Researchers at the University of Maryland created the first high-resolution images of hot plasma and expanding bubbles of ionized gas where the stars are born. Earlier low-resolution images did not clearly show the bubbles and did not see how the bubbles expanded into the surrounding gas.
Researchers used data collected by the Stratospheric Observatory of Infrared Sciences (SOFIA) telescope to analyze one of the brightest and largest star-forming regions of the Milky Way galaxy. Their analysis showed that a single expanding bubble of warm gas surrounds Westerland 2. Star cluster And it disproved previous research suggesting that there may be two bubbles around Westerland 2. Researchers have also identified the source of bubbles and the energy that drives their expansion.Their results were posted in Astrophysical Journal June 23, 2021.
“when Giant star Shapes, they blow off much stronger emissions of protons, electrons, and heavy metal atoms compared to our sun, “said Maitraiyee Tiwari, a postdoctoral fellow at the UMD Faculty of Astronomy. Stellar wind, And extreme stellar winds can be shaped by blowing bubbles in the clouds around cold, dense gases. We were able to observe such bubbles centered on the brightest clusters in this region of the galaxy and measure their radius, mass, and rate of expansion. “
The surface of these expanding bubbles is made of a high-density gas of ionized carbon, forming a kind of outer surface. shell Around the bubbles. It is believed that new stars are formed within these shells. However, like boiling cauldron soup, the bubbles surrounding these clusters overlap and mix with the surrounding gas clouds, making it difficult to distinguish the surface of individual bubbles.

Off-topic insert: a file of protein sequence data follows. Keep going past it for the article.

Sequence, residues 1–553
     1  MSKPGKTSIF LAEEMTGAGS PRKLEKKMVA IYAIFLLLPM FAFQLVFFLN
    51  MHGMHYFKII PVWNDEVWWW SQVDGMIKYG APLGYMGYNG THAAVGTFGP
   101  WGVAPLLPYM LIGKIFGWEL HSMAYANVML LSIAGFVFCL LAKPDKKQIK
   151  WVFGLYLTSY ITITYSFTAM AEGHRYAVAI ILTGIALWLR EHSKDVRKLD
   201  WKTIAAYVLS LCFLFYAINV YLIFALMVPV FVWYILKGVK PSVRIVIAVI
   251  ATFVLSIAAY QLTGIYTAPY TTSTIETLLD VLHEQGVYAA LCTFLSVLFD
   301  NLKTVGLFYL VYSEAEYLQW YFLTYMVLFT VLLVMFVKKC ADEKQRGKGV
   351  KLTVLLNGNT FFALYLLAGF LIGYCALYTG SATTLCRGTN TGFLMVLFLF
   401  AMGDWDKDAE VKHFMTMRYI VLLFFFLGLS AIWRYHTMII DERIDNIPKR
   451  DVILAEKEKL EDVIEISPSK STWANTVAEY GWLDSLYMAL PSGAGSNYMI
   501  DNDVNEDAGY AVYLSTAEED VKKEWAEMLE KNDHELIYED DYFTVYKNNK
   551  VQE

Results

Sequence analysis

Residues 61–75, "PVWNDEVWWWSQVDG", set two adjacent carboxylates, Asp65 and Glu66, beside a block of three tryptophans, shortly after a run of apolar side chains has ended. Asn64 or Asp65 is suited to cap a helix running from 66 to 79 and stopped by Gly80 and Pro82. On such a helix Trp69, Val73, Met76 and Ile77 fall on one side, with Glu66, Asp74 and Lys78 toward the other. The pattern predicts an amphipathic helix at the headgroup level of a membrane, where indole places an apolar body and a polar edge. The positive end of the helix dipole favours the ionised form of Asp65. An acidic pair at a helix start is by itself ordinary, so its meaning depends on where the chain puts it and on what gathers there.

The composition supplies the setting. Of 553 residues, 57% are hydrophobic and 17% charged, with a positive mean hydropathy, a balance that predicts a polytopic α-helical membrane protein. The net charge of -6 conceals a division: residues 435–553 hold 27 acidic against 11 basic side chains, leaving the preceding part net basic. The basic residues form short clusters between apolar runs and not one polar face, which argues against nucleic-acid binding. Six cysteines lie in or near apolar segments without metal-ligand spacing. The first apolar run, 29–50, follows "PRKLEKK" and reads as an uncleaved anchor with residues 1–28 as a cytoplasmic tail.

Tiwali and her colleagues created a clearer image of the bubbles surrounding Westerland 2 by measuring the radiation emitted by the cluster over the entire electromagnetic spectrum from high-energy X-rays to low-energy radio waves. Previous studies using only radio and submillimeter wavelength data produced low resolution images and did not show bubbles. Among the most important measurements was the far-infrared wavelength emitted by certain carbon ions in the shell.
“Using spectroscopy, we can actually see how fast this carbon moves in and out of us,” said PhD Ramsey Karim (MS ’19, Astronomy). A student of UMD astronomy and a co-author of research. “This technique uses the Doppler effect, which is the same effect that the pitch changes as the train horn passes. In this case, the color changes slightly depending on the speed of the carbon ions.”
Tiwali and Karim surround Westerland 2 by determining whether carbon ions are moving towards or away from Earth and combining that information with measurements from the rest of the electromagnetic spectrum. You have created a 3D view of the expanding stellar-wind bubble.
In addition to finding a single stellar-driven bubble around Westerlund 2, they found evidence of new stars forming in the shell region of this bubble. Their analysis also suggests that as the bubbles expanded, they broke on one side, emitting hot plasma and slowing the expansion of the shell about a million years ago. But then, about 200,000 or 300,000 years ago, another bright star in Westerland 2 evolved, and its energy reactivated the expansion of the Westerland 2 shell.
“The expansion of the bubbles surrounding Westerland 2 was accelerated again by the wind from another very large star, which restarted the process of expansion and star formation from the beginning,” Tiwali said. “This suggests that stars will continue to be born in this shell for a long time, but as this process progresses, they will become newer. Performer It will be bigger and bigger. “
Tiwali and her colleagues will apply their method to other bright clusters and warm bubbles to better understand these star-forming regions of the galaxy. This work is part of a multi-year program supported by NASA called FEEDBACK.
“SOFIA Feedback Survey: RCW49 Stellar Wind Driven Shell Dynamics Survey” Astrophysical Journal (2021). DOI: 10.3847 / 1538-4357 / abf6ce
University of Maryland
Quote: The first clear view of the boiling cauldron where the stars are born (June 23, 2021) is from https://phys.org/news/2021-06-view-cauldron-stars-born.html 6 of 2021 Obtained on June 23
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The first clear view of a boiling cauldron where stars are born
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